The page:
Ferrer Santiago to congressional leaders: Fiscal board’s proposed sun tax is probably unconstitution
By The Star Staff
Popular Democratic Party Rep. Héctor Ferrer Santiago has urged U.S. congressional leaders in writing to stop the sun tax proposed by the Financial Oversight and Management Board (FOMB) for Puerto Rico, arguing several reasons, including that it may be unconstitutional.
Since 2019, the oversight board has advocated a restructuring support agreement (RSA) to settle $9 billion owed by the Puerto Rico Electric Power Authority (PREPA) as part of the utility’s bankruptcy. The oversight board has announced that it will file the RSA in federal court by March.
“Although PREPA’s emergence from bankruptcy is clearly an important goal, it cannot be at odds with the Administration’s clean energy policies from the commitments ratified in the Paris Climate accords to the norms included in the Bipartisan Infrastructure Act and in the Build Back Better bill,” Ferrer Santiago said in a letter addressed to House Speaker Nancy Pelosi and to Senate Majority Leader Charles Schumer. “FOMB’s debt deal for PREPA must not be built upon a direct breach of Puerto Rico’s progressive pro-renewables legislation,” PREPA’s RSA proposes a so-called “transition charge” of at least 2.768 cents per kilowatt-hour (c/kWh) that gradually rises to 4.552 c/kWh in 2044, gravely impacting consumers’ bills for the electricity they purchase from the grid, the freshman legislator pointed out.
“However, consumers who produce any portion of their own electricity from solar energy (described in the RSA as “behind-the-meter-generation” customers) must pay this new charge not only in power purchased from the grid, but also for their own self-generated power (a construct euphemistically described as “gross-consumption”),” Ferrer Santiago said. “Like all regressive policies, this new solar tax will mostly damage the pockets of our impoverished communities, inhibiting the economic possibilities of low-income consumers who may wish to acquire more resilient energy systems, but will suffer the substantially increasing costs in consequence.”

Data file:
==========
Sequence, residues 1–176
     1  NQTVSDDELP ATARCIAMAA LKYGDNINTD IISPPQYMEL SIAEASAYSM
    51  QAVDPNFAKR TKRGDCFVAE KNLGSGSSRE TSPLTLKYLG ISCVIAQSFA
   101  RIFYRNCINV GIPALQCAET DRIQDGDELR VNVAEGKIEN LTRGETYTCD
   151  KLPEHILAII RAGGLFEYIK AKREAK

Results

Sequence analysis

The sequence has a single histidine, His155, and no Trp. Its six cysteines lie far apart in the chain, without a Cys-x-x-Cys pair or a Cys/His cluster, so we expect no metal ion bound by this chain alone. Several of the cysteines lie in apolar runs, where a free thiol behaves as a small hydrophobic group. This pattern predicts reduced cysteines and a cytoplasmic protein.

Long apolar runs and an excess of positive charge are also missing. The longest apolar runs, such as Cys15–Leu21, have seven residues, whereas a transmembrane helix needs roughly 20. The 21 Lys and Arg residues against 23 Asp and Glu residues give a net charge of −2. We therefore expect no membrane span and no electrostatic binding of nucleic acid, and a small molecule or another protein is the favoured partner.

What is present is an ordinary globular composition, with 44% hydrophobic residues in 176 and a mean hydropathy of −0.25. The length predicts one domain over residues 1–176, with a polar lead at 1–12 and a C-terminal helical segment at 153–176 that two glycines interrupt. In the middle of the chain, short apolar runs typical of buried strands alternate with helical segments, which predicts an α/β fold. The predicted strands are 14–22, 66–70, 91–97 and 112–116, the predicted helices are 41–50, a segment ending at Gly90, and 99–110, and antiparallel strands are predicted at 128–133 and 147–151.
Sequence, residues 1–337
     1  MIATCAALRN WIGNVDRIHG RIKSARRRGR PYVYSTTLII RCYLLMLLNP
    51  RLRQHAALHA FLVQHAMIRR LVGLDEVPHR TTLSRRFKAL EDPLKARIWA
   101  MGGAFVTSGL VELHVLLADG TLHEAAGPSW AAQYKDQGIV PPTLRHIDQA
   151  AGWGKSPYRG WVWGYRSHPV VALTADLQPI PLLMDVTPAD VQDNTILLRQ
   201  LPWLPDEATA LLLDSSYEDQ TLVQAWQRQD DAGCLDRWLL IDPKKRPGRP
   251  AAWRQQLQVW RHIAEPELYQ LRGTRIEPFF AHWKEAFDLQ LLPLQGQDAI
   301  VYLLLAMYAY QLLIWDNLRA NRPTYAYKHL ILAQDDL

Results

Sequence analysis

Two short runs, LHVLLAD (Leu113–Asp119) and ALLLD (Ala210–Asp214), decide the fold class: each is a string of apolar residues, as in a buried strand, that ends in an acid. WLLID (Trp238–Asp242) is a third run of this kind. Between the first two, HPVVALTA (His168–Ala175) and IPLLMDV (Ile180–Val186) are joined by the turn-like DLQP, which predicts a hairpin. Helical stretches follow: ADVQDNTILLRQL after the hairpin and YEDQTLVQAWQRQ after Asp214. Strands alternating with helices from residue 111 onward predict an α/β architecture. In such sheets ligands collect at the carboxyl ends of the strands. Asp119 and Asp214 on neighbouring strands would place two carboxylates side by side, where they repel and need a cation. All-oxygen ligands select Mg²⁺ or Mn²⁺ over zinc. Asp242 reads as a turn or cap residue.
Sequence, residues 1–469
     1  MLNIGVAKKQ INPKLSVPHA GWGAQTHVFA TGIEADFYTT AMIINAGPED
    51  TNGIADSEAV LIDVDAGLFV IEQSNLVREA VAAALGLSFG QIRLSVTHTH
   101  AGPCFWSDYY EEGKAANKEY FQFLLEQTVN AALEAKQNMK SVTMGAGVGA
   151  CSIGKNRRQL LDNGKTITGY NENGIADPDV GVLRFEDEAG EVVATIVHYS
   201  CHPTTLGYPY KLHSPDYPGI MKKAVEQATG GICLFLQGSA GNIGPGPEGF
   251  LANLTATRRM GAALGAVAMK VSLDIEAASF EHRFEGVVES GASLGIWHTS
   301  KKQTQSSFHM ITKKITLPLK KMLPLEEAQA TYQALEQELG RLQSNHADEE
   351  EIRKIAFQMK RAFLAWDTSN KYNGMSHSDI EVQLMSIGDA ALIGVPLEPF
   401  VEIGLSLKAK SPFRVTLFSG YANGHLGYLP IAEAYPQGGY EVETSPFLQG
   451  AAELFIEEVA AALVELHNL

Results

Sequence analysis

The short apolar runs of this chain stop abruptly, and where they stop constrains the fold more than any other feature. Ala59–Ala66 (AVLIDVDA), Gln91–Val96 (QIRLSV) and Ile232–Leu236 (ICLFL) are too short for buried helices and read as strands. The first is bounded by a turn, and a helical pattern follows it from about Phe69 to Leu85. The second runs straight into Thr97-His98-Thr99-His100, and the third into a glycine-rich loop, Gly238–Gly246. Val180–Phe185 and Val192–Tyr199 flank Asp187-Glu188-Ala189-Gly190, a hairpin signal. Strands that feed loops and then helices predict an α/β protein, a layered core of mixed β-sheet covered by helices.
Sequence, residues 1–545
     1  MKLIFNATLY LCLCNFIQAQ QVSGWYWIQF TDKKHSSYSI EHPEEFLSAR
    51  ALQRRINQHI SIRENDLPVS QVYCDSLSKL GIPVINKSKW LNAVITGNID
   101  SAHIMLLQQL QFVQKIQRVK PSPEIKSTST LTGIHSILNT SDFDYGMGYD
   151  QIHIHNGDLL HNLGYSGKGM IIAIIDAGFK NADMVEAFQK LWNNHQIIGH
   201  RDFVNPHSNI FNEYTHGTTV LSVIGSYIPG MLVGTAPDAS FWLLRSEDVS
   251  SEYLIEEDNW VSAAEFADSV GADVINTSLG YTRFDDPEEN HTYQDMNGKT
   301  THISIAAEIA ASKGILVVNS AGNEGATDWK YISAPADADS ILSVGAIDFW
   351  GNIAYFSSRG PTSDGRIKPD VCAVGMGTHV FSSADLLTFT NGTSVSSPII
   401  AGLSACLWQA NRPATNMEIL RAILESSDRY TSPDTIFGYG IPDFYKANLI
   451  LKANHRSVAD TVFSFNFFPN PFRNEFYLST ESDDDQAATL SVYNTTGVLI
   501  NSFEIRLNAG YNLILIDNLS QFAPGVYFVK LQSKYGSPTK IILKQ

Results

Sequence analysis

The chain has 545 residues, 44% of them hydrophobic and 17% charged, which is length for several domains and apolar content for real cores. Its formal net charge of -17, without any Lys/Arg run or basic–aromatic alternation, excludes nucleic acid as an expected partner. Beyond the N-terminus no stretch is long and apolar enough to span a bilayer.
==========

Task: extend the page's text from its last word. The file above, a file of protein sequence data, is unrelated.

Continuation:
Furthermore, he said, consumers must also pay for a second utility meter that will track their own self-generation of power.
“This solar tax-centric approach is illegal,” Ferrer Santiago said. “Section 3.4 of Puerto Rico’s Energy Public Policy Act is unequivocal in its prohibition, stating that ‘no direct or indirect charge shall be imposed on the generation of renewable energy by consumers.’”
He goes on to note that the Constitutionality of such solar charges is questionable, as it seeks to federally impose a new tax on energy generated by privately owned solar power systems within private property.
“This legislative body spoke clearly in November 2021 when both the House and the Senate passed the Senate Concurrent Resolution 19, which expresses the wholehearted rejection of the RSA as presented by FOMB,” Ferrer Santiago said.
Nevertheless, he said, the oversight board continues its attempt to move forward with its misdirected proposal.
Strict congressional oversight over the oversight board is necessary to ensure that PREPA debt restructuring is aligned with federal as well as commonwealth energy policies, he said.
Separately, the Puerto Rico Energy Bureau (PREB) will hold a second technical workshop today related to the establishment of infrastructure, billing processes and regulations for charging and recharging electric vehicles on the island.
“As we established last November, we will be holding the second of three workshops to guarantee compliance with Article 3 of Law 33 of 2019 and continue discussing the criteria to consider as priorities to make the use of this alternative viable in Puerto Rico,” stated PREB Chairman Edison Avilés Deliz.
It was further reported that the criteria to be considered when determining priorities for the establishment of additional charging and recharging stations will be discussed at a third workshop on the topic.